Advisor

Samuel D. Henry

Date of Award

Spring 6-5-2013

Document Type

Dissertation

Degree Name

Doctor of Education (Ed.D.) in Educational Leadership: Curriculum and Instruction

Department

Curriculum & Instruction

Physical Description

1 online resource (xi, 190 pages)

Subjects

Scripted reading -- Study and teaching -- Case studies, Culturally relevant pedagogy -- Study and teaching -- Case studies, Multicultural education -- Study and teaching -- Case studies

DOI

10.15760/etd.1002

Abstract

The increased focus on the implementation of scientifically research-based instruction as an outcome of No Child Left Behind ("Understanding NCLB," 2007) has resulted in the widespread use of scripted reading curricula (Dewitz, Leahy, Jones, and Sullivan, 2010), which typically represents Eurocentric and middle class forms of discourse, knowledge, language, culture, and historical interpretations as academic knowledge (Howard, 2010; Delpit, 2012). In an era where the number of culturally and linguistically diverse students is increasing rapidly (Ginsberg, 2007), it is essential to consider that educational practices relying entirely on prefabricated content may require modification because, as recognized in the funds of knowledge theoretical framework (Veléz-Ibañez, 1988), all students bring a wealth of knowledge to the classroom that should be acknowledged, respected, valued and incorporated into instruction (Gonzalez, Moll, & Amanti, 2005). However, even if teachers are granted the time and permission to modify scripted content in order to build bridges between the prescribed lessons and students' lived experiences, doing so is not easily accomplished when the lives of educators are disconnected from their students (Baeder, 2010).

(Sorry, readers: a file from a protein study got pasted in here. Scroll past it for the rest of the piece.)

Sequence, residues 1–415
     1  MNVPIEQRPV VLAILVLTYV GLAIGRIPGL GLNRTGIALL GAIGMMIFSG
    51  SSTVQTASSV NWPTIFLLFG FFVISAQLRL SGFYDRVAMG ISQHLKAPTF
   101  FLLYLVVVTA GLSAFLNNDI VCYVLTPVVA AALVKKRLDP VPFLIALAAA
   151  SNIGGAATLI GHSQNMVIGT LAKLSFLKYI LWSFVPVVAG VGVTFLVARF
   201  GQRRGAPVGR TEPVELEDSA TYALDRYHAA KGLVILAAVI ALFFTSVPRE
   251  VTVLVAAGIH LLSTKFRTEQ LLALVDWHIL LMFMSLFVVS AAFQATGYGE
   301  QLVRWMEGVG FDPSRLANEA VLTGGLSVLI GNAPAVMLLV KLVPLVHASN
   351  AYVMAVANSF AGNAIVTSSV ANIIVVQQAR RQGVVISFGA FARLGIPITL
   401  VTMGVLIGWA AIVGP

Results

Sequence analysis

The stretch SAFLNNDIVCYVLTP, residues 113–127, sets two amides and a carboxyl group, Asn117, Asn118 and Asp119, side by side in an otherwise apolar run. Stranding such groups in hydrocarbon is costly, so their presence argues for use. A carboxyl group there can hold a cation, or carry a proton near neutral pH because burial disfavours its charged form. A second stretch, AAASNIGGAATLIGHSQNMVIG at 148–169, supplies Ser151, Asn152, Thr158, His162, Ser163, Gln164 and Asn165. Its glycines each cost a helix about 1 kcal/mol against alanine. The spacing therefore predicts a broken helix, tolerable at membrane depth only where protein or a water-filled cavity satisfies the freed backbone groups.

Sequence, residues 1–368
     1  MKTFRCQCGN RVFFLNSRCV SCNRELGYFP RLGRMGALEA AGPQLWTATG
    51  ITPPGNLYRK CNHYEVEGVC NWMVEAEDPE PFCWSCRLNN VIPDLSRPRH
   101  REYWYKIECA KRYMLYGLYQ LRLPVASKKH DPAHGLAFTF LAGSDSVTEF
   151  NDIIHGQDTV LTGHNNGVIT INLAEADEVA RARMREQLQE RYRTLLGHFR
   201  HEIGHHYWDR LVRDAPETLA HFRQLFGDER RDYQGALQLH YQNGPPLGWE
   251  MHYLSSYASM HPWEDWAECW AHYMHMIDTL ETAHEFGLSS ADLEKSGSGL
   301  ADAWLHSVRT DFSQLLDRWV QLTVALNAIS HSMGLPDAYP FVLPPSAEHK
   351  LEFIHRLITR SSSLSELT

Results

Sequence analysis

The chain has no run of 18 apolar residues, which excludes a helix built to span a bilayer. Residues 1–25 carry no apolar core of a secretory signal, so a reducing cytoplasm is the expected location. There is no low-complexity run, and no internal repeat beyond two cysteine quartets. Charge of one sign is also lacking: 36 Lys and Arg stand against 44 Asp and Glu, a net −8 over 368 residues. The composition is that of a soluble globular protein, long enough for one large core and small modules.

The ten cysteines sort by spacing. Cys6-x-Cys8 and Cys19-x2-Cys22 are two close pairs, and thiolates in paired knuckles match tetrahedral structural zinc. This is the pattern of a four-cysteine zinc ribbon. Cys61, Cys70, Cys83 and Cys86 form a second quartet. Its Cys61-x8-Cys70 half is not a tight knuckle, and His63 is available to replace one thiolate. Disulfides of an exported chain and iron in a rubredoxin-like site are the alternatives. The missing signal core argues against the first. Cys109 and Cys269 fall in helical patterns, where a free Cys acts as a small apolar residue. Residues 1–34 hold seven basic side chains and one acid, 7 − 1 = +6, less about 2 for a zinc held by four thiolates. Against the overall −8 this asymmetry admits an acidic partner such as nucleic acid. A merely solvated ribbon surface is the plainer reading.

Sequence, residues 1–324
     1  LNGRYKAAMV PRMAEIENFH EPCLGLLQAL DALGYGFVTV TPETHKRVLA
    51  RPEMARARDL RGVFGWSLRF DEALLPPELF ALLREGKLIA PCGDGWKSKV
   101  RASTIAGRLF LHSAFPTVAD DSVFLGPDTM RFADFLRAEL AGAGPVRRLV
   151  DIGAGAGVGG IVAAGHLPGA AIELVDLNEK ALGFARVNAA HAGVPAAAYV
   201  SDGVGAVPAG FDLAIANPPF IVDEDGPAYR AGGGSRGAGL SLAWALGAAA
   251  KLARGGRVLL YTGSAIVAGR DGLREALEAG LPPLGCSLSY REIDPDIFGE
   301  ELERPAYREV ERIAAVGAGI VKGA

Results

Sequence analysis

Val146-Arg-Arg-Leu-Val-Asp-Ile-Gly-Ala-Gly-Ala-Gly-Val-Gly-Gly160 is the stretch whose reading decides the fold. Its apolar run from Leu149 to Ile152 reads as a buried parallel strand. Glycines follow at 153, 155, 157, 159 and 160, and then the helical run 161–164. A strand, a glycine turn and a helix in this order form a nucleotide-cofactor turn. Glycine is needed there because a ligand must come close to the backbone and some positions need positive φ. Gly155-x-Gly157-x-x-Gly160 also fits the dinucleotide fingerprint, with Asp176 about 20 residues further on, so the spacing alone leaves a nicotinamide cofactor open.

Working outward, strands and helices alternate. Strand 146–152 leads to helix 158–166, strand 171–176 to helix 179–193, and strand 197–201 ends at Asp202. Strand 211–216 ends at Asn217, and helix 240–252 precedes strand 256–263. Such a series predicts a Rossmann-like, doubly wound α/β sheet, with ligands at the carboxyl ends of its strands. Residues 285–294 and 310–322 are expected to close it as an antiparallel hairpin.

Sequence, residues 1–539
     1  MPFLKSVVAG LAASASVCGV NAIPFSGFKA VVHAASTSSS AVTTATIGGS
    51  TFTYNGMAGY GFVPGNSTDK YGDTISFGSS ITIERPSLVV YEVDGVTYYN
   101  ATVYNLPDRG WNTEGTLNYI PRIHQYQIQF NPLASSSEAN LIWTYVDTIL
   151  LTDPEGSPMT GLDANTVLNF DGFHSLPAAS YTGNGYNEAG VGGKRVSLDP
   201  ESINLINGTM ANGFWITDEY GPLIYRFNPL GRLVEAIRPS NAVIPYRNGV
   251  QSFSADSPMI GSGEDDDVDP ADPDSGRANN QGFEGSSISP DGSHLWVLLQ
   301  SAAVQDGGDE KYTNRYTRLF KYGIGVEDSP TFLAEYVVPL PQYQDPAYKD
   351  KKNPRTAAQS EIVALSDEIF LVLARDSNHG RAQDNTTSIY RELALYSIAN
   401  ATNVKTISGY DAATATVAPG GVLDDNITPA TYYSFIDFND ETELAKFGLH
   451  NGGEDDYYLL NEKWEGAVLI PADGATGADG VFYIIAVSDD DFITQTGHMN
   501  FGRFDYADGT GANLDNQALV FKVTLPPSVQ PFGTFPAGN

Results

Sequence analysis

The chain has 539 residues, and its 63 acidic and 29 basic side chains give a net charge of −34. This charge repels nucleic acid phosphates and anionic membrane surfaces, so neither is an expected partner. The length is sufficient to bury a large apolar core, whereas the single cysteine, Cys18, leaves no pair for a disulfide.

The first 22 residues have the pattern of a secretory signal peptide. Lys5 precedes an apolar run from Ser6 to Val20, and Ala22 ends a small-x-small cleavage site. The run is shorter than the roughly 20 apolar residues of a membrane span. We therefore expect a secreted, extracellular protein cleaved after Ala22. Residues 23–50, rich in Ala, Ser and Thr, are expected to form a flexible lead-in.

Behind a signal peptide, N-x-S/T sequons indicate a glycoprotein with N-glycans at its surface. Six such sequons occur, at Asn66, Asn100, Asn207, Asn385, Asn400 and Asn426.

This study investigated the behaviors and ideas teachers have developed as ways to connect with their culturally and linguistically diverse students and their families. Additionally, the study explored how teachers who implement scripted curricula describe the experience of creating culturally responsive lessons intended to specifically connect with their culturally and linguistically diverse students and to connect with students' funds of knowledge.

This multiple case study describes how five teachers who implement scripted curricula reported their experiences of creating culturally responsive lessons for particular focal students. Findings are presented in individual case narratives followed by a cross-case synthesis. Findings suggest that teachers were able to carry out culturally responsive instructional practices while implementing scripted curricula; however, participants' CARE lessons did not represent Gay's (2010) ethnic and cultural diversity in curriculum content component of culturally responsive instruction. Additionally, findings indicate that building relationships with culturally and linguistically diverse students was key to adjusting instruction to suit their learning styles. The implications of these findings are discussed in recommendations for in-service teacher professional development and future research.

Persistent Identifier

http://archives.pdx.edu/ds/psu/9865

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